Early one morning, a distraught client’s Controller called to report she had authorized an $18,000 electronic transfer to an unknown party posing as the company’s CEO. She was a victim of spoofing, one of several fast growing Social Engineering practices, which facilitates the ability for hackers to steal money. Spoofing is to cybersecurity what camouflage is to bugs and animals. It is a method for cyber criminals to disguise their fraudulent operation and make it seem genuine, and true.
In this situation, the Controller received an email from the supposed CEO, who was traveling on business in New York, requesting an $18,000 deposit for a just closed deal to be sent to the named party. There was no reason to believe the message was not authentic. It was contained within the company email format, with the CEO’s signature, who was known to be in New York on business– it all added up. The Spoof wasn’t realized until the following day when the two had a phone conversation. As unfortunate as the situation was, it could have been worse, should more detailed bank account information been released or other information that could be useful for identity theft purposes.
Since core SMTP (Simple mail Transger Protocol) fails to offer email authentication, it is simple to impersonate an email, once a hacker gains network access by exploiting system vulnerabilities, or by an employee unknowingly letting an intruder gain access. Once in the network, the offending party perches inside the system for a period of time with free access to become oriented with the organization. By monitoring activity, transactions and email conversations this covert method provides the intelligence necessary to determine opportunities to covertly extort money through ransomware or a spoof. The CEO’s trip was that opportunity to initiate the fraud.
Fortunately, my client was protected by a CyberRisk policy, which included a Social Engineering Endorsement specifically for Ransomware and Spoofing losses. There are many tools and practices that organizations can employ to reduce the threat of spoofing attacks. Common measures that organizations can take for spoofing attack prevention include:
1. Packet filtering: Packet filters inspect packets as they are transmitted across a network. Packet filters are useful in IP address spoofing attack prevention because they are capable of filtering out and blocking packets with conflicting source address information (packets from outside the network that show source addresses from inside the network and vice-versa).
2. Avoid trust relationships: Organizations should develop protocols that rely on trust relationships as little as possible. It is significantly easier for attackers to run Spoofing attacks when trust relationships are in place because they only use IP addresses for authentication. Use verbal verification.
3. Use Spoofing detection software: There are many programs available that help organizations detect spoofing attacks, particularly ARP Spoofing. These programs work by inspecting and certifying data before it is transmitted and blocking data that appears to be spoofed.
4. Use cryptographic network protocols: Transport Layer Security (TLS), Secure Shell (SSH), HTTP Secure (HTTPS) and other secure communications protocols bolster spoofing attack prevention efforts by encrypting data before it is sent and authenticating data as it is received.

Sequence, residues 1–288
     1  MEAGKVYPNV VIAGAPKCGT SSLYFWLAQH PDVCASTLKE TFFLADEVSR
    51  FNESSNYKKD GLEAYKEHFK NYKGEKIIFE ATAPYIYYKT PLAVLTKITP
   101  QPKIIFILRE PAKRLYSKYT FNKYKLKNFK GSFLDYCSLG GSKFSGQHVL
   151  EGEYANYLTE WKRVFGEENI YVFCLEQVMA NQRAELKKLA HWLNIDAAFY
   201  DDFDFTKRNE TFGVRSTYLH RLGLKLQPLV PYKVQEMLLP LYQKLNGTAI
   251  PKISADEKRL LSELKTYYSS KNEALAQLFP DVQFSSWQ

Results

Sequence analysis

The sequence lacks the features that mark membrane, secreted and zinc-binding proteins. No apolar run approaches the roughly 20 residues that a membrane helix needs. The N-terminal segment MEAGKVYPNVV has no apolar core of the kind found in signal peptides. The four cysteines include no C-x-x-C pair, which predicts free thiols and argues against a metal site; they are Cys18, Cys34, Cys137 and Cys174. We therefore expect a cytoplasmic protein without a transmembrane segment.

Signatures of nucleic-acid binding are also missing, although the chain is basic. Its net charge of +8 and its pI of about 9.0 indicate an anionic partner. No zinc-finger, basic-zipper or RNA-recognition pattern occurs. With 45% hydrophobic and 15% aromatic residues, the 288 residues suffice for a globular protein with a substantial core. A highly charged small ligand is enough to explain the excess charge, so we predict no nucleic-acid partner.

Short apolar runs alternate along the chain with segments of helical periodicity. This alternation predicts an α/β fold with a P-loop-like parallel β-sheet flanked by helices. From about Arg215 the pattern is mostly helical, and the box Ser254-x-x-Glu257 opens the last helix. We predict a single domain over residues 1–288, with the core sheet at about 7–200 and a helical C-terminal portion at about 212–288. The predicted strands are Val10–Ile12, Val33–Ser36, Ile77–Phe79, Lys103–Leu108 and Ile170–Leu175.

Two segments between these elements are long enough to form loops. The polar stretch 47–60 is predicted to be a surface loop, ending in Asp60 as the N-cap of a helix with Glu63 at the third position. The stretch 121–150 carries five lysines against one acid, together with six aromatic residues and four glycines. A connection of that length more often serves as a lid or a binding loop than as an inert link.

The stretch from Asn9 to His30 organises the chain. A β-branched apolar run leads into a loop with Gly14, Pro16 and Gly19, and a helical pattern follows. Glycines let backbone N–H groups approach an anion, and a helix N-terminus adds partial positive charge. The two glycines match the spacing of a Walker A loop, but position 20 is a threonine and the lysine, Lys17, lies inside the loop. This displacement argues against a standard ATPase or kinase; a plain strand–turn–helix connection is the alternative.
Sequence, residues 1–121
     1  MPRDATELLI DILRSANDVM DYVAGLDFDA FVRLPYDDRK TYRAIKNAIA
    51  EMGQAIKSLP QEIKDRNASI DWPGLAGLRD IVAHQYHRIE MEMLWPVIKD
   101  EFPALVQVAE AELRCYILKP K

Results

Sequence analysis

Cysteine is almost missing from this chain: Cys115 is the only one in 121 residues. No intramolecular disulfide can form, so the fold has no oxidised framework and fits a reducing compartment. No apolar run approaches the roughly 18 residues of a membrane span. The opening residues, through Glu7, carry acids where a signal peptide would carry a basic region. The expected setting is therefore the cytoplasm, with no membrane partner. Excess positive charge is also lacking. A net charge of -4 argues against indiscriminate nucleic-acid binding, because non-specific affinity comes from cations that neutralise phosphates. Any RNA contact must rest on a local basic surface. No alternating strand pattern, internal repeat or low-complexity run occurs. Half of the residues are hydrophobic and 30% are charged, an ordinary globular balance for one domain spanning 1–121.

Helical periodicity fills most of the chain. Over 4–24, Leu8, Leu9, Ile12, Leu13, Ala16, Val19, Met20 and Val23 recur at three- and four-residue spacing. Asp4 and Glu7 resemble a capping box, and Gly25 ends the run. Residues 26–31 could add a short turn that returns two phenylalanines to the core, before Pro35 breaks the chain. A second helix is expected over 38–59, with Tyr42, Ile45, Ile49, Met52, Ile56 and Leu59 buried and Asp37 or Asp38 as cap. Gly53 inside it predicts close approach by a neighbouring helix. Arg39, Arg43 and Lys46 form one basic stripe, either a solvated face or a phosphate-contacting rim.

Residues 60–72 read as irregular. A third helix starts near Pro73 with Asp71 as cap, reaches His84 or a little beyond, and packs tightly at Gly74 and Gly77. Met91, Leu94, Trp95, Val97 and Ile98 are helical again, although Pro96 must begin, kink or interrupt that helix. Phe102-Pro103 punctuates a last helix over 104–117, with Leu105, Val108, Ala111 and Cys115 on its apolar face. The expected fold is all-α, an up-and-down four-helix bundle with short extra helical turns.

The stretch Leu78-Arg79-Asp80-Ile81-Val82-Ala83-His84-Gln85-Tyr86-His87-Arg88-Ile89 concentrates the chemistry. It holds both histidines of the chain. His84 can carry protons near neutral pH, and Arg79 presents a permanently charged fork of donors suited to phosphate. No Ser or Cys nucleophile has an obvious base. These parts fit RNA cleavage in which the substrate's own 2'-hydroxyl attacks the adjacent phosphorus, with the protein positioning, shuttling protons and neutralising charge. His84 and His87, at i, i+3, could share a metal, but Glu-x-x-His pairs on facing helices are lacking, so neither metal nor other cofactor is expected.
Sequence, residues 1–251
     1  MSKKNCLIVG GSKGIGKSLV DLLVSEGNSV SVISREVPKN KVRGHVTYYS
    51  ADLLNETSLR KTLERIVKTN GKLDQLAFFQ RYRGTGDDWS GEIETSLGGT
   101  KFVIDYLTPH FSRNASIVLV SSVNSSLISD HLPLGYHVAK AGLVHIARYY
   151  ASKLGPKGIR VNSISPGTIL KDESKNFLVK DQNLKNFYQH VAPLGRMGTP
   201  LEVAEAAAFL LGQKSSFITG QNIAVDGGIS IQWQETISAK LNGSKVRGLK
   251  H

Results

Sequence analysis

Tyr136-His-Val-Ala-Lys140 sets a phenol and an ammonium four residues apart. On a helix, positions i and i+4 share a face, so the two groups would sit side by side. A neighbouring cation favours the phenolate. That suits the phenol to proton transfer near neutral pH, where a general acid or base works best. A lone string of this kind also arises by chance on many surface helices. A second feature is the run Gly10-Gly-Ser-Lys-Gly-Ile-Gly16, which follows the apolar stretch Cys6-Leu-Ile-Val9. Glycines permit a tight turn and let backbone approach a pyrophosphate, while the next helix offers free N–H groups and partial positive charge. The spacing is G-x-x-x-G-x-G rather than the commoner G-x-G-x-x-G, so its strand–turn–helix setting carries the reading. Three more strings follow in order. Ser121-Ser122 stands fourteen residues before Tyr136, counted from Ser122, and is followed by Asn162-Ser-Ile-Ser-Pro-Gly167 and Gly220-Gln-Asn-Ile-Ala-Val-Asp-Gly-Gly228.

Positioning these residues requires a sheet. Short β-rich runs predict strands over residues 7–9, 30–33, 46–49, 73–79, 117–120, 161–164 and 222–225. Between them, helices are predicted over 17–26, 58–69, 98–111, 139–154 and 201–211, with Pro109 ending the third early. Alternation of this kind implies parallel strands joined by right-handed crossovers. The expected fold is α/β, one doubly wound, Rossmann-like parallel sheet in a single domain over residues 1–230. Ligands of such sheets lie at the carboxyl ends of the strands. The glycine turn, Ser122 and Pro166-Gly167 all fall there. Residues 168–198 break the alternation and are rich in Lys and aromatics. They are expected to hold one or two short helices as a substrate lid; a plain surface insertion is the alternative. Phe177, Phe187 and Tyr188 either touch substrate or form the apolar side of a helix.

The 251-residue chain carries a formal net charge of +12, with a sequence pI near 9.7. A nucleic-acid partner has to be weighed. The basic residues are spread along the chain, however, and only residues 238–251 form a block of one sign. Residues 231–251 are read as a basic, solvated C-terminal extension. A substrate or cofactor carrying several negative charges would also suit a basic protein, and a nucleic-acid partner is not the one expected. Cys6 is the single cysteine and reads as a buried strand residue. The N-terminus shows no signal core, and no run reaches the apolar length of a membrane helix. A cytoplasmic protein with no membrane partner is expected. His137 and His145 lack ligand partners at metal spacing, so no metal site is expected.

5. Educate employees about how to recognize phishing emails:
a. Look for email addresses that are close but not exact — For instance, a phishing address may end in “.co” rather than the expected “.com” or “.ca”. b. Verify all links included in the body of the email by hovering over the link to see what URL it actually goes to.
c. Look for logos that feel a bit off, as well as misspellings or grammatical errors in emails from reputable institutions such as banks or government offices.
d. Be suspicious of emails that request passwords, personal information, or money.
e. The most important rule: Don’t click on links, and don’t download attachments unless you’re positive you know the sender — and feel free to check with that sender before clicking on anything.
With this knowledge, these prevention methods and some cyber know-how, you can mitigate Spoofing attacks and keep your business, employees, and customers safe. Although there is no single-hand solution, staying up to date on the latest scamming tactics allows you to be proactive and bounce back should hackers strike.
Because it is difficult for organizations to quantify their own security posture, Orion Risk Management and our security operations partner developed Cyber Protection Reimagined. This end-to-end solution identifies an organization’s network vulnerabilities, closes gaps, provides workforce compliance, educates employees on how to avoid exposing the network to hackers, provides 24×7 monitoring and establishes a post-incident response plan. These best in class attributes reduce the chance of cyber disruption for an improved risk profile, resulting in more favorable Cyber Insurance terms and conditions. This holistic approach and powerful solution is transforming the way our clients view their cyber exposure to better manage this risk.
Remember, an attacker doesn’t have to be good every time, they just need to be successful once! We believe the best defense against this is a good offense.